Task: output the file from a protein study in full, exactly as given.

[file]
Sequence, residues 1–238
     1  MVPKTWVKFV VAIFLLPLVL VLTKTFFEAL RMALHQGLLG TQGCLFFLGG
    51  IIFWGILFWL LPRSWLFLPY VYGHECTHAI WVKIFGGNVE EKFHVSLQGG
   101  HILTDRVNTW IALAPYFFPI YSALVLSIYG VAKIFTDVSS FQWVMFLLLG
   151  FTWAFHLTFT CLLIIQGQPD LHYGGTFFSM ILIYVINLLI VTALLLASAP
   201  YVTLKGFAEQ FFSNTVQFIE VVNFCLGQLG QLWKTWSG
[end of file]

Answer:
Sequence, residues 1–238
     1  MVPKTWVKFV VAIFLLPLVL VLTKTFFEAL RMALHQGLLG TQGCLFFLGG
    51  IIFWGILFWL LPRSWLFLPY VYGHECTHAI WVKIFGGNVE EKFHVSLQGG
   101  HILTDRVNTW IALAPYFFPI YSALVLSIYG VAKIFTDVSS FQWVMFLLLG
   151  FTWAFHLTFT CLLIIQGQPD LHYGGTFFSM ILIYVINLLI VTALLLASAP
   201  YVTLKGFAEQ FFSNTVQFIE VVNFCLGQLG QLWKTWSG